The Aiolidai: Salmoneus, Tyro, and Kretheus (page 171 lower)

Chapter 5: The Line of Deukalion

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Hesiod, Ehoiai (Catalogue of Women) fr 30 MW – Fragmenta Hesiodea, pp. 19-21, ed. R. Merkelbach and M. L. West. Oxford 1967.

Hesiod, Ehoiai (Catalogue of Women) fr 15 MW – Fragmenta Hesiodea, p. 9, ed. R. Merkelbach and M. L. West. Oxford 1967.

Sophokles, Aias Lokros fr 10c R – Tragicorum Graecorum Fragmenta vol. 4, pp. 105-6, ed. S.L. Radt. Göttingen 1977.

Euripides, fr 14 N² – Tragicorum Graecorum Fragmenta, p. 366, ed. A. Nauck, 2nd ed. Leipzig 1889.

Greek Text

Vergil, Aeneid 6.585-94

I saw Salmoneus his dread stripes endure,
Who dared to counterfeit Olympian thunder
And Jove’s own fire. In chariot of four steeds,
Brandishing torches, he triumphant rode
Through throngs of Greeks, o’er Elis‘ sacred way,
Demanding worship as a god. 0 fool!
To mock the storm’s inimitable flash—
With crash of hoofs and roll of brazen wheel!
But mightiest Jove from rampart of thick cloud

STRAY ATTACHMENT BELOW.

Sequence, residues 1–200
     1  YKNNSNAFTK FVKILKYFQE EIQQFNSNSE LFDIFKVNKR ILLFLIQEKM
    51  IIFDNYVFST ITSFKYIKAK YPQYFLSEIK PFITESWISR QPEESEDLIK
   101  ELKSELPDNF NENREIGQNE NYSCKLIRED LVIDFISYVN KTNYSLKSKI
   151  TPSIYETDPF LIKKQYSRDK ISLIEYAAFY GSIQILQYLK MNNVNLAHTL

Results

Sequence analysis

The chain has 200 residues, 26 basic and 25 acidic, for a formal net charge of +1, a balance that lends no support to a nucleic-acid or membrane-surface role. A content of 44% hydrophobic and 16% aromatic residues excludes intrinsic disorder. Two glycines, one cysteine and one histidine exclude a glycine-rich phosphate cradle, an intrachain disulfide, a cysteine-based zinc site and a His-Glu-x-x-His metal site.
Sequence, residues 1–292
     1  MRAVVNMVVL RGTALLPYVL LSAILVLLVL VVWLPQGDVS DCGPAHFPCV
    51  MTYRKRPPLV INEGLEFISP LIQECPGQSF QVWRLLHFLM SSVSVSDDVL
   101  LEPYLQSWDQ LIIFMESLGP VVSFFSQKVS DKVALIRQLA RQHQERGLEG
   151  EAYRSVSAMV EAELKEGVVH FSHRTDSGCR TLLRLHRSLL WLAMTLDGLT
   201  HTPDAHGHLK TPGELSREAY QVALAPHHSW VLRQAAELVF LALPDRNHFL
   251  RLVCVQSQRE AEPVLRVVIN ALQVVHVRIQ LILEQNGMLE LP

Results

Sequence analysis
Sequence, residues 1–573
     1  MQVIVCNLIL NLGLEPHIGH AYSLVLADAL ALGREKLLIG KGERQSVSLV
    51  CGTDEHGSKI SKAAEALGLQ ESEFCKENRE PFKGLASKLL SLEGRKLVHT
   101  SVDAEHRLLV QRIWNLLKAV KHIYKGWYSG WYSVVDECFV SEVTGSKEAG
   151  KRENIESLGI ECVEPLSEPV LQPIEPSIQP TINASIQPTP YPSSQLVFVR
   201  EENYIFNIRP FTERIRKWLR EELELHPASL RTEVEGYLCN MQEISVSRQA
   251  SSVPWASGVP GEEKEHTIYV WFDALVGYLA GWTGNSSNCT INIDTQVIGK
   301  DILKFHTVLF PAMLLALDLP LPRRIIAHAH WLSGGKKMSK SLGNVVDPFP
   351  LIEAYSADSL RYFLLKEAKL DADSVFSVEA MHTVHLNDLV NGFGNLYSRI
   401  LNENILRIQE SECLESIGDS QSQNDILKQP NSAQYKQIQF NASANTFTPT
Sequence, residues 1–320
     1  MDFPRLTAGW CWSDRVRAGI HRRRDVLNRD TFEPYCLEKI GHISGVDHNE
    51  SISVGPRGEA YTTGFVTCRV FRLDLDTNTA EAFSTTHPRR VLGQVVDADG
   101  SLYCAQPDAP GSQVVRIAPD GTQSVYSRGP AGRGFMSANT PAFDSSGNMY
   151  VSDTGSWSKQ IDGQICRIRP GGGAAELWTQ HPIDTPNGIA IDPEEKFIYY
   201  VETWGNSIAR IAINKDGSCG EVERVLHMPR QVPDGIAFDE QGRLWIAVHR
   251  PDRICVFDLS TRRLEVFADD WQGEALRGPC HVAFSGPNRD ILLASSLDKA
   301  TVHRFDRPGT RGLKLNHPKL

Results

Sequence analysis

Hurled his own shaft, no flickering, mortal flame,
And in vast whirl of tempest laid him low.  Latin Text

ApB 1.9.7 – Apollodoros, Bibliotheke (Library)

Salmoneus at first dwelt in Thessaly, but afterwards he came to Elis and there founded a city. And being arrogant and wishful to put himself on an equality with Zeus, he was punished for his impiety; for he said that he was himself Zeus, and he took away the sacrifices of the god and ordered them to be offered to himself; and by dragging dried hides, with bronze kettles, at his chariot, he said that he thundered, and by flinging lighted torches at the sky he said that he lightened. But Zeus struck him with a thunderbolt, and wiped out the city he had founded with all its inhabitants.  Greek Text

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Edited by Elena Bianchelli, Senior Lecturer of Classical Languages and Culture, Univ. of Georgia, February 2022

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